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Carla Escolà Costa,

Successful urban transformations are the ones that best match the expectations of the society they serve. A well-known example is the Eixample of Cerdà. Cerdà faced with a majority demand for livable, healthy spaces with the highest possible environmental quality in order to escape from a pandemic and confined reality. He found support with operators willing to fund a new way of life, and had the sensitivity to do so by ensuring urban quality for all.

The urban transformation of Barcelona 22@ is also a success story and was able to tune in to the city's expectations: it started in a Barcelona that was finally one of the world's reference cities, and was able to turn a declining productive urban fabric into an innovative district.

The city council has in recent years has proposed to adjust its development to the newest expectations based on sustainability. Environmental sustainability in a context of climate emergency, social sustainability in a context of housing emergency and economic sustainability in a context of economic emergency.

The vitality of Barcelona 22@ innovative district depends on many factors, but fundamentally on the ability to implement this triple sustainability.

The new regulation promoted by the City Council begun with a collaborative process: the pact 'Towards a Poblenou with a more inclusive and sustainable 22 @', in which we participated and signed as 22@ Network Urban planning commission, and which is based on sustainability parameters.

The new regulations are currently in the process of allegations analysis, and an initial approval expected by October. Without deepening into the level of detail of the allegations we presented as 22@ Network, I share some reflections in terms of triple sustainability below.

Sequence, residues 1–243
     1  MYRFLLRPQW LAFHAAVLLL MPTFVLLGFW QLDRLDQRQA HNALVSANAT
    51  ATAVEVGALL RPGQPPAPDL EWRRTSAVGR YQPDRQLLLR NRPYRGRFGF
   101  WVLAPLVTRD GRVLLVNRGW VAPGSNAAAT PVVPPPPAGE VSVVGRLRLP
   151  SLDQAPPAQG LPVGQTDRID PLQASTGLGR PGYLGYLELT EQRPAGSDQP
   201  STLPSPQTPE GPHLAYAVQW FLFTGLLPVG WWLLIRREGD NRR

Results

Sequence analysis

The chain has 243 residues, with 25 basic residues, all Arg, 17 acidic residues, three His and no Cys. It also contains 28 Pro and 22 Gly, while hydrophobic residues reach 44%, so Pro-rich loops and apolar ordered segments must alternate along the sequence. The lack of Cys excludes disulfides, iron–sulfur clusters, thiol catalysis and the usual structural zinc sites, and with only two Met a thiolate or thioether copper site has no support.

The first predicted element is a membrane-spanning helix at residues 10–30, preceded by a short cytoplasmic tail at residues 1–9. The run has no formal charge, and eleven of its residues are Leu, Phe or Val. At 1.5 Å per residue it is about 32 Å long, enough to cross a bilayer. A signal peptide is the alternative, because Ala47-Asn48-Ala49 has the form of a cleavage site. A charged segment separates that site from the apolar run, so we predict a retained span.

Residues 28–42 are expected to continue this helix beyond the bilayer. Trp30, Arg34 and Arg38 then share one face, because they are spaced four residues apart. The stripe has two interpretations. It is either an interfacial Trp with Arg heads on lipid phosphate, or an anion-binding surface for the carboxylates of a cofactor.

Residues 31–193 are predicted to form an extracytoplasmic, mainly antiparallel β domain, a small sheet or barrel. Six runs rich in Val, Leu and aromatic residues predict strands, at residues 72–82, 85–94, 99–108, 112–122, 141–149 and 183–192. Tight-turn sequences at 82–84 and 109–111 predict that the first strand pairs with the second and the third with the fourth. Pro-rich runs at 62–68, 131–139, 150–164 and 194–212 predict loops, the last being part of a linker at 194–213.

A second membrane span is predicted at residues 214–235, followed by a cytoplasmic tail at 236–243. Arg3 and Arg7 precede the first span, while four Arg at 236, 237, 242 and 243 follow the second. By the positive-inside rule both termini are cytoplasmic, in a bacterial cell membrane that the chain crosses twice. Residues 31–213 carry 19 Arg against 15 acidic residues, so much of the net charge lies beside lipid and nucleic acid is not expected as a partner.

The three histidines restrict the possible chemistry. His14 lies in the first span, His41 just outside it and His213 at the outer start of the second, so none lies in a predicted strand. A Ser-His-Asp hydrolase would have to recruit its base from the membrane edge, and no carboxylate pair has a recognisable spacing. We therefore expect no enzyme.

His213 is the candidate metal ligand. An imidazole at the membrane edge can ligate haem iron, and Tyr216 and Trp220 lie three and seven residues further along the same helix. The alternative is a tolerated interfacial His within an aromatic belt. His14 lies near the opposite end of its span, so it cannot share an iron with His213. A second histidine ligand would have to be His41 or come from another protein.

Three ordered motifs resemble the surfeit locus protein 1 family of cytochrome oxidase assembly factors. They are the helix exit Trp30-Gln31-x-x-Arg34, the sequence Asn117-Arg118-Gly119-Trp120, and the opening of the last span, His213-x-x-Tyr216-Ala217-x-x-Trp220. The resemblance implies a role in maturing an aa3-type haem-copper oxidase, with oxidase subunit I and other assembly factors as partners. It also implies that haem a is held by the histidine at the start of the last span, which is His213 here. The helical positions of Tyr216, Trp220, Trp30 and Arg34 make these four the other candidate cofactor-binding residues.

In terms of environmental sustainability, this is a goal shared by all the agents in the district: from the residents who live in it, especially the youngest, to companies that only wish to occupy buildings with an environmental certification. Just as Cerdà found a society willing to escape the unhealthy conditions of the past, today we have the challenge of avoiding a future loss of habitability.

The new Plan incorporates some interesting points, such as the inclusion of green roofs and / or photovoltaic roofing surfaces, the treatment of soil and open spaces, among others, but could go further than that, for instance  by linking environmental sustainability with the economic incentives following  the footsteps of Law 8/2013, on urban rehabilitation, regeneration and renovation. For example, maximal building surface increases in buildings that meet ambitious environmental criteria, such as being energy positive.

The pact already incorporated other interesting elements to be explore in an environmentally sustainable way, such as a guide of criteria to define objective parameters based on quality, which could serve as support for municipal quality committees and competition drafters. There is also a 22@ quality seal to encourage innovative and sustainable developments and create district community.